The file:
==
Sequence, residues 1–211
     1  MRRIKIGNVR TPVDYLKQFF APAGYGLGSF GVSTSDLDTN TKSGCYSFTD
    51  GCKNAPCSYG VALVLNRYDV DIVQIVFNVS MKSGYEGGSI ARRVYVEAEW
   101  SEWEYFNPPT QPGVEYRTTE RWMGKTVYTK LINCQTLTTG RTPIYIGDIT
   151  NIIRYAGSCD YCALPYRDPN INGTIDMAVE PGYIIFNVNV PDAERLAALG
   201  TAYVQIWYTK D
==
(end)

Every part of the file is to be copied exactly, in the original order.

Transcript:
Sequence, residues 1–211
     1  MRRIKIGNVR TPVDYLKQFF APAGYGLGSF GVSTSDLDTN TKSGCYSFTD
    51  GCKNAPCSYG VALVLNRYDV DIVQIVFNVS MKSGYEGGSI ARRVYVEAEW
   101  SEWEYFNPPT QPGVEYRTTE RWMGKTVYTK LINCQTLTTG RTPIYIGDIT
   151  NIIRYAGSCD YCALPYRDPN INGTIDMAVE PGYIIFNVNV PDAERLAALG
   201  TAYVQIWYTK D